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  • $\begingroup$ good point, thanks Glen_b, my stats books are not handy right now.. I was perusing Wikipedia, hoping there was some sort of page with just a list of all the PDF plots and their characteristic shapes so one could go down the list eyeballing it as it were... the -inf..+inf range is the real deal-breaker, I need to find a similar distribution supported on just the positive half-line. $\endgroup$ – crow Mar 1 '15 at 22:27
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    $\begingroup$ No website or book can list "all the pdf plots". They're always restricted to choosing some subset, usually some idiosyncratic selection of ones in popular use. For any you could find, there will be many others - even among only the tiny subset that is listed in wikipedia - that are almost indistinguishable from some other symmetric unimodal distribution. I'll add a display to my answer to help illustrate the dilemma. $\endgroup$ – Glen_b Mar 1 '15 at 22:50
  • $\begingroup$ Oh come on now, wikipedia has a huge selection of data on this topic in a standard format.. it could be done, and yes I know theory is a better way but in that instance I would be either indifferent to the selection of the distribution, or use some other aspect of the model to match it up with some other aspect (e.g. theory). I don't wish to go into the data-generating process at this moment because it's too much of a headache, and off-topic.. but the resonances interpretation of the Cauchy distribution does make sense in the context I am finding it $\endgroup$ – crow Mar 1 '15 at 23:58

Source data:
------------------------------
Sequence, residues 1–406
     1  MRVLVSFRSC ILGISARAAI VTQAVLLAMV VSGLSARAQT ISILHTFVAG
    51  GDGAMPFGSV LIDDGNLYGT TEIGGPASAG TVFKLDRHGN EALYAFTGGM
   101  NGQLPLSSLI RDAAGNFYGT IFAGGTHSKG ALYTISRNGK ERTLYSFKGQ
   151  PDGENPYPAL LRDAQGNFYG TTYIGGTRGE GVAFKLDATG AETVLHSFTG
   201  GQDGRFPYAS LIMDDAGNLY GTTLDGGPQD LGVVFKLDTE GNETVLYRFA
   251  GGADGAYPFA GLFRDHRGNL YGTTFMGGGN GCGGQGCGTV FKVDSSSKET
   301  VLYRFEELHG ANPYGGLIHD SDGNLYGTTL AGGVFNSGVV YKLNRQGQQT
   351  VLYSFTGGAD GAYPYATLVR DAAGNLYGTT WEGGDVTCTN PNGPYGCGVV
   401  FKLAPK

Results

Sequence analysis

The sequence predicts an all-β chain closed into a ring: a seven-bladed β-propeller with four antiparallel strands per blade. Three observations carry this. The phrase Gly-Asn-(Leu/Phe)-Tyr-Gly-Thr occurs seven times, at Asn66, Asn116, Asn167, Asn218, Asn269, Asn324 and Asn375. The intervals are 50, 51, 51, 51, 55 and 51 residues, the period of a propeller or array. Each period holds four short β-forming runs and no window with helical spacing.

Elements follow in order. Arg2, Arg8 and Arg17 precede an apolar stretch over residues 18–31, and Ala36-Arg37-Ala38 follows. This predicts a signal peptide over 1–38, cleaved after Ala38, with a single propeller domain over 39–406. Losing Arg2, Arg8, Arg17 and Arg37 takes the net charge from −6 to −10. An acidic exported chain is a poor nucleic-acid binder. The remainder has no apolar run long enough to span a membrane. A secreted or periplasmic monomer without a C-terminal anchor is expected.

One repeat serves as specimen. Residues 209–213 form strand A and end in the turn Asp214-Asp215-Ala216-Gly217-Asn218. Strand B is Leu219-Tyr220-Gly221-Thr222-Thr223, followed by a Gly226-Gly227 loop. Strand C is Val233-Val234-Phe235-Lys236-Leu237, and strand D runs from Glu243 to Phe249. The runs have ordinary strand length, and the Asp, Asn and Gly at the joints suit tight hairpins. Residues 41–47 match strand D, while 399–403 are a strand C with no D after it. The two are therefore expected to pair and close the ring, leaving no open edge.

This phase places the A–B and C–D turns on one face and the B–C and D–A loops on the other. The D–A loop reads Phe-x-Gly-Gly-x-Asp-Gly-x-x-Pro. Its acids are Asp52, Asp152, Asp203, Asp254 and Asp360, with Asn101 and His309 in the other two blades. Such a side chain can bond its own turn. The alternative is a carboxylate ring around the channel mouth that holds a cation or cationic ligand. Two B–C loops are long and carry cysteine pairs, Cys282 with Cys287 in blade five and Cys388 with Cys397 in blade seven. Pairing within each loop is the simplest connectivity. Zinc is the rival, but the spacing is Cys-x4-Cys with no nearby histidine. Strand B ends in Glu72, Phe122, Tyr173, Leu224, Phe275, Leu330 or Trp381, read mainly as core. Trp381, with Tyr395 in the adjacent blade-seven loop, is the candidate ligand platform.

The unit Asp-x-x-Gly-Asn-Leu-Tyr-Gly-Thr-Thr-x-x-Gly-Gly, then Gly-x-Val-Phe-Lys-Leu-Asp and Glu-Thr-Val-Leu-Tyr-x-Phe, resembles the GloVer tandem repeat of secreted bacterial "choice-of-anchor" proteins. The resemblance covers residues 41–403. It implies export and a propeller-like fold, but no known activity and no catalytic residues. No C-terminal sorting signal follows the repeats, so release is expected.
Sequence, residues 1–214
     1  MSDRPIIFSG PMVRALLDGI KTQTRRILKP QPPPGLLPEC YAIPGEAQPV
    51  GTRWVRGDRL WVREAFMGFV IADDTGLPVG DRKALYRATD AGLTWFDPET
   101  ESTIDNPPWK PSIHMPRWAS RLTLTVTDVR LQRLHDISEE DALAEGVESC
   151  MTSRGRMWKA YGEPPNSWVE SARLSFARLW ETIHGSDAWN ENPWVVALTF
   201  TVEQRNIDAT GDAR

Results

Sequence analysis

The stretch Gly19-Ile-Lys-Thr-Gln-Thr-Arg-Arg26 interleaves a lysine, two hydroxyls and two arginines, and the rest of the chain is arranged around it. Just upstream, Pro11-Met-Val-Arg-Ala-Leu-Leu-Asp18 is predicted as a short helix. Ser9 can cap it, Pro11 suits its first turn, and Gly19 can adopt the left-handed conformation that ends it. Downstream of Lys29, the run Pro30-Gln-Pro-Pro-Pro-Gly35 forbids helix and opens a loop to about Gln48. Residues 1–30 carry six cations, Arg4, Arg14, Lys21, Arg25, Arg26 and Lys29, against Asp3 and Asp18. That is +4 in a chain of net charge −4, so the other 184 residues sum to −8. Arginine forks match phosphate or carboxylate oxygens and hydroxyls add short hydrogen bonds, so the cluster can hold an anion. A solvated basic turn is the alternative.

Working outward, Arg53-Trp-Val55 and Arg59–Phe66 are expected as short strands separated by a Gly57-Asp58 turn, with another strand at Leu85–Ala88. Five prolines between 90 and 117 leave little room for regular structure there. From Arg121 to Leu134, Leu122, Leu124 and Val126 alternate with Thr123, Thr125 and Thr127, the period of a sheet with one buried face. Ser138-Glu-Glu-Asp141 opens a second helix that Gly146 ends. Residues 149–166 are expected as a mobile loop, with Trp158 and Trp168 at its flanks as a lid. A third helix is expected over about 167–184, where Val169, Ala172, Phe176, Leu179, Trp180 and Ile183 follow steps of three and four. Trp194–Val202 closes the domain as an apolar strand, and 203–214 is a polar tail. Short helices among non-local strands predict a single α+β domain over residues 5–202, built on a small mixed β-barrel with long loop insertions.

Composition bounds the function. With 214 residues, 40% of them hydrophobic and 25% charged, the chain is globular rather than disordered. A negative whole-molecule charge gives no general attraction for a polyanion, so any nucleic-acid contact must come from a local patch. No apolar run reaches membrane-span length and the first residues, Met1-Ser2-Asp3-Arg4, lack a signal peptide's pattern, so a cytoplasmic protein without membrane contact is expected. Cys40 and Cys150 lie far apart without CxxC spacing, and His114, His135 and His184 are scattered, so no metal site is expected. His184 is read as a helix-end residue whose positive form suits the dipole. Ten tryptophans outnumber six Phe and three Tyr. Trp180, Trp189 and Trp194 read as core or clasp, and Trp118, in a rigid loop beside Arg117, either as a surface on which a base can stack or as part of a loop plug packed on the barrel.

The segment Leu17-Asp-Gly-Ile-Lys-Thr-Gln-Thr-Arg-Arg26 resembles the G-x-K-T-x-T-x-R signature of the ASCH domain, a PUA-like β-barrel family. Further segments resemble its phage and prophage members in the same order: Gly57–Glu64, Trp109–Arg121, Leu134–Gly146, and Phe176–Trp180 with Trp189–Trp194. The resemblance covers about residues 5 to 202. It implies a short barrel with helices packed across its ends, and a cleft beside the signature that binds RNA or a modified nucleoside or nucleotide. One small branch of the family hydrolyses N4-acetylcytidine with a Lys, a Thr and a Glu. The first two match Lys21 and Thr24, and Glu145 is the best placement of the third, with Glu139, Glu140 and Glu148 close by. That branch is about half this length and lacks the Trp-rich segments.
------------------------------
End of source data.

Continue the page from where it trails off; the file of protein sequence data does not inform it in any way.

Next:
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    $\begingroup$ 1) I think you've missed the point on wikipedia. They only have pages for about 90 continuous distributions -- only 90! ... one of the two I drew above isn't even in the list! You merely have an arbitrary selection from only the tiny subset of distributions in common use. (Most of those 90 aren't symmetric.) 2) The fact that the interpretation of the Cauchy makes some sense in your application is a better basis for a choice than looking through any arbitrary list of named distributions. $\endgroup$ – Glen_b Mar 2 '15 at 0:28
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    $\begingroup$ Outside the 'makes sense for your application', I don't see a particular a priori reason to think that "distributions listed in wikipedia" and "an ideal model for the way the curves behave near the peak" ought to necessarily contain elements in common. $\endgroup$ – Glen_b Mar 2 '15 at 0:36

yes, the Cauchy distribution appears in the power-spectral distribution of a self-exciting process which is what I conjectured the data source to come from.. or rather an ergodic mixture of a Cauchy process and a self-exciting process perhaps. See Remark 6 on page 11 of https://arxiv.org/abs/1507.02822 "Remark 6 The power spectral density appearing in Theorem 2 is a shifted scaled Cauchy p.d.f."